“Create images that you love seeing over and over again”
Your artwork is very impressive and distinctive. Where did your love for drawing start and how did you go on to become an illustrator?
My parents are also artists, that’s how it began for me. I’ve been brought up in a house filled with art materials, old portfolios and picture books. I studied Applied Arts in the same college as my mom did, Sophia Polytechnic in Mumbai. Then I pursued Visual Communication at SOD – IDC, IIT Bombay. Followed by a second MA Visual Arts from London. Creating images has always been something I’ve enjoyed doing before I even started academics. My work has moved from web design, to children’s book illustrations and wall paintings, more recently.
How has your journey been till now? What has been your biggest learning from institutes like IDC and University of Arts, London?
The journey is spread across different places, where I’ve learnt things from some brilliant people and I’ve had different opportunities. My skills grew during my time in Sophia’s. SOD – IDC opened up new channels through which I could take my work ahead. UAL taught me how to balance my work while enjoying working with multiple mediums. And the biggest learning there was to ‘do’ more and more of what I enjoy.
Who or what motivates you to generate new ideas and concepts?
Daily life – little stories attached to it – fascinates me. If I see something I want to work with – a technique, a material, a script – it all goes into this little box in my head. And when I get an opportunity, I open this box and browse through everything stored here while ideating. At times the nature of the commissioned work also pushes me into discovering unknown concepts. Alan Fletcher, Mario Miranda, Saul Steinberg, Stefan Sagmeister are designers whose body of work I’ve enjoyed tremendously.
Which has been your most memorable piece of work that you have created? Can you give us a brief description about it and the tools that you used for the same?
Apart from a handful of projects, I’d have to say that ‘Our Incredible Cow’ was unforgettable simply due to the experiences it brought. It was a story written in 1982 by Mahaswetadevi – the story describes the many escapades of ‘Nyadosh’ her pet cow who lives in her village house. She butts everybody, eats fish & onions and does exactly as she pleases. The unusualness of the story was captured by creating the cow with objects that she used to eat or interact with in the story. This was an academic project which I took up 8 years ago, and was recently published in 2015 by Tulika Books, in 9 languages. As a part of the process I worked with sketches, everyday materials, I used a projector and a camera as well to capture images, and worked on softwares to tweak the images.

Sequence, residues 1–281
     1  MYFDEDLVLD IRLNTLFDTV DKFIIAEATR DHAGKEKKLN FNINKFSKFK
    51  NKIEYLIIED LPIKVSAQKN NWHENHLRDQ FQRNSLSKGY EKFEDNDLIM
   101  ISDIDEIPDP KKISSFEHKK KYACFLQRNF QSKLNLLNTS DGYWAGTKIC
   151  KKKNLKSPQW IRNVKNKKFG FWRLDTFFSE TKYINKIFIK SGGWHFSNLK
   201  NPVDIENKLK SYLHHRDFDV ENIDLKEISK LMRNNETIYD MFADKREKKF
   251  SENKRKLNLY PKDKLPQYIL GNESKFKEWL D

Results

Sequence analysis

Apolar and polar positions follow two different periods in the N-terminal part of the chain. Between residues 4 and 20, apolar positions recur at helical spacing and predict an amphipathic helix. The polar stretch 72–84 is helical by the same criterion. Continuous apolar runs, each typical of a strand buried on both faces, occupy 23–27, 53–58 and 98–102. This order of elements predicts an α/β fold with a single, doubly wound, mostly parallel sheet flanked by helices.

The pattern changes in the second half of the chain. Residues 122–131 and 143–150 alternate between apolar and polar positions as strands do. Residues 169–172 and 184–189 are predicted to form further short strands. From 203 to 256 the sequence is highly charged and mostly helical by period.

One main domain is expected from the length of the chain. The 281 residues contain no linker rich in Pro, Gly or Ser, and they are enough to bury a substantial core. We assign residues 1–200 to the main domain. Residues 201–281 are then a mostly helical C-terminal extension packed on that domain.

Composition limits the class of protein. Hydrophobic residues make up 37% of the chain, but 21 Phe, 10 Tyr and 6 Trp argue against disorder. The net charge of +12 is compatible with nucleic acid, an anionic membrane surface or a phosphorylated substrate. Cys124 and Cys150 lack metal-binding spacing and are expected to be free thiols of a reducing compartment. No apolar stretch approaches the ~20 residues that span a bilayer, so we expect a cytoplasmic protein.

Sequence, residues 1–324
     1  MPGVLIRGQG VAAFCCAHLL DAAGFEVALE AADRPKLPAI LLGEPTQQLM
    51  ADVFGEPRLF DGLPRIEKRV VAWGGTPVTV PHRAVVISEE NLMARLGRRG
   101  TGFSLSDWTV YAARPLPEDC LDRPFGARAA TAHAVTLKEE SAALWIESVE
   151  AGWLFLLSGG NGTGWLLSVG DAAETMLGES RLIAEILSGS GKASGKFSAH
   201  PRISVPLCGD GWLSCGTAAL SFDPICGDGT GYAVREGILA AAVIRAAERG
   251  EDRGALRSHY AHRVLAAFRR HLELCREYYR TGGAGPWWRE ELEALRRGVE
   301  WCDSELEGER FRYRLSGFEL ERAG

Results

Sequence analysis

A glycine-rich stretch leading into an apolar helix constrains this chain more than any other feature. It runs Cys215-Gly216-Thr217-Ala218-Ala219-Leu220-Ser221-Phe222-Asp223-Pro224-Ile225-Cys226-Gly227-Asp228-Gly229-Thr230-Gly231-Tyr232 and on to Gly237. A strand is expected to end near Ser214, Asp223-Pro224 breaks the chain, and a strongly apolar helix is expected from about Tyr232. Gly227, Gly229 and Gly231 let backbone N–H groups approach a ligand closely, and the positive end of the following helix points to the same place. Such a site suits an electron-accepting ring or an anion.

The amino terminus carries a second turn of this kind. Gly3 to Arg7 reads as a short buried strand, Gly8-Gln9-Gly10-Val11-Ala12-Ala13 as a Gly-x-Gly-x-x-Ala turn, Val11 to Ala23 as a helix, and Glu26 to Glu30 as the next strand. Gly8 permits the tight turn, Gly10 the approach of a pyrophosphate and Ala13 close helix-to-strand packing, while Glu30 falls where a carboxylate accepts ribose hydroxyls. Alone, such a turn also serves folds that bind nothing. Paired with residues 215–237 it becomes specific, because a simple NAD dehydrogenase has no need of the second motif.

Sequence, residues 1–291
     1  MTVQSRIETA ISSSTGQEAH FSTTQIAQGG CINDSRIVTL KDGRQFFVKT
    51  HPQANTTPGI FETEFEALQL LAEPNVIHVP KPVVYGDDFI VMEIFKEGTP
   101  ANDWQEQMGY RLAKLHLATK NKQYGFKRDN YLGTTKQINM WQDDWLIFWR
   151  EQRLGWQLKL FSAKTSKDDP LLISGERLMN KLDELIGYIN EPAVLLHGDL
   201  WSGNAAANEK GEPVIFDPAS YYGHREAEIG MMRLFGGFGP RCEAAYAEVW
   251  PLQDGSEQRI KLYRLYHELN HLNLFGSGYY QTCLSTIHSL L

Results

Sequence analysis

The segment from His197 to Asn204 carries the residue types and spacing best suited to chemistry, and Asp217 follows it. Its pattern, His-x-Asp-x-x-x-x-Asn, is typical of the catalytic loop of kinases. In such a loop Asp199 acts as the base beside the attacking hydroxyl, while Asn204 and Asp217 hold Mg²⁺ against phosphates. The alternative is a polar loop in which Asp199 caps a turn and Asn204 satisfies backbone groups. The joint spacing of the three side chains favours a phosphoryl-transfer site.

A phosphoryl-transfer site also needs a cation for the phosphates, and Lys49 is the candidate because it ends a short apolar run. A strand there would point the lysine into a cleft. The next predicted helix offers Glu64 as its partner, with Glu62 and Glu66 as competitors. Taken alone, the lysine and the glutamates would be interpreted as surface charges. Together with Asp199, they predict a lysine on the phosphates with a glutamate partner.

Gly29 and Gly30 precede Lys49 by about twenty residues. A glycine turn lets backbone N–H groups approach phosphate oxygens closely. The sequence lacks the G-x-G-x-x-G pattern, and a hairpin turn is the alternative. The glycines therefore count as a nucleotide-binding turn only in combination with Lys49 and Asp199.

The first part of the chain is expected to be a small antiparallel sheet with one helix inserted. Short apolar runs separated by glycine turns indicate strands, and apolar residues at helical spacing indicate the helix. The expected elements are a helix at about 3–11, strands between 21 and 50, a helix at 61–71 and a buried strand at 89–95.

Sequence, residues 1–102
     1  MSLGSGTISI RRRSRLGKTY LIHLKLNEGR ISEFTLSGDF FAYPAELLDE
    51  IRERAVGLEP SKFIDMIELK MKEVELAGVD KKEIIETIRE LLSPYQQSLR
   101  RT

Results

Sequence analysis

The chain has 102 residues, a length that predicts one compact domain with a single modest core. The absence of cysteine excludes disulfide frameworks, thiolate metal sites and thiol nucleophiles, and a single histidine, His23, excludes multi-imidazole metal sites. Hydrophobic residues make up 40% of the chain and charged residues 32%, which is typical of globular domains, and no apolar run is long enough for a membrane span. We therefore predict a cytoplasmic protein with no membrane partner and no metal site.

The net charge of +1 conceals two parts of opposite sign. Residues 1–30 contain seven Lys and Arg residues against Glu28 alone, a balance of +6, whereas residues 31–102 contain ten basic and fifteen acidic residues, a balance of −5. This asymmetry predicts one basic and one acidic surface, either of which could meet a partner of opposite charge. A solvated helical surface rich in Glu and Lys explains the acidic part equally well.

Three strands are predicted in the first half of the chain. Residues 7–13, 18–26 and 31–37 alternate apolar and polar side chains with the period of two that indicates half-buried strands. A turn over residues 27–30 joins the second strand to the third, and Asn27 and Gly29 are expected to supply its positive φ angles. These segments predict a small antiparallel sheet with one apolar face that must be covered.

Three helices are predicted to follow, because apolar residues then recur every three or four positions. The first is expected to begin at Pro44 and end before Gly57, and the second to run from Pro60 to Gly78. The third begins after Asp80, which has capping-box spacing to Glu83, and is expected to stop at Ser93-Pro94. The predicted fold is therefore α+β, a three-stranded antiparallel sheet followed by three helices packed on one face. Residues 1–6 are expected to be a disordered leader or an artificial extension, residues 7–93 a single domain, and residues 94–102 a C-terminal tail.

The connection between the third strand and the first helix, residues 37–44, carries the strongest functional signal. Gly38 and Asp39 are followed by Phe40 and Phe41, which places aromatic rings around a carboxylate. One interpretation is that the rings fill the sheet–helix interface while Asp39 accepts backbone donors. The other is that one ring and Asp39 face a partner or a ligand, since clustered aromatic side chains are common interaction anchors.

What were the challenges that you faced while working on such projects?
There were many ways to interpret how the image-making for this story would happen. It could have been with sketches, or in a wood- cut style (as the story was based in Calcutta), the first challenge was to decide the approach. Once the idea of working with materials took root, the next problem was how to buy fish! Being a vegetarian it took some time to learn how to select and work with fish like pomfret, bombil and prawns etc. I had to work my way around dealing with different materials for each part of the story. Each demanded a particular technique for working with. I developed a handwritten font for the story. Arranging the materials to form the shape of a cow visually, was another achievement. Objects like bottles and books were lesser in flexibility to work with – while objects like vegetables and fish would get spoilt in a matter of a few hours. So I had to arrange things quickly and capture some of the images before the materials lost their freshness. Some visuals were as small as an A3-sized paper while some spanned beyond A1 occupying most of the studio floor. Each visual made for this story has an equally crazy story behind how the materials were procured and how it was made.
Until now it was all academic work. After this point making copies of the book and mailing copies to different publishers, organizations and not losing heart – over this entire process took 6 years while I worked on different jobs, studied in a different country. I wanted the book to go live by finding a publisher that believed in it and wanted to see it on a bookshelf, just like me.
What are the tools/software that you use regularly as a part of your work? Did you undergo training for the same?
Primarily I use hand drawing skills when I work. I physically assemble things or draw and paint with ink when I begin. I also use softwares like Photoshop, Illustrator and Corel Draw occasionally. I’ve received training for some of it, while some skills I’ve picked along the way. Due to the nature of my work I’ve picked up a lot of physical skills like screen printing, working with wood, scrap materials and so on. A lot of it is knowledge that comes with doing hands-on work.
What are your future career goals?
To do more and more work and know myself better through the process.
What does the industry demand in terms of technical / soft skills from a fresher artist?
Instead, I would ask, ‘What is it that you love working with and how far are you willing to take those skills, technical or otherwise.’
What message do you have in mind for the aspiring artists?
Love yourself, and believe in your work. The only thing that matters is doing good, honest work, that has quality. Create images that you love seeing over and over again.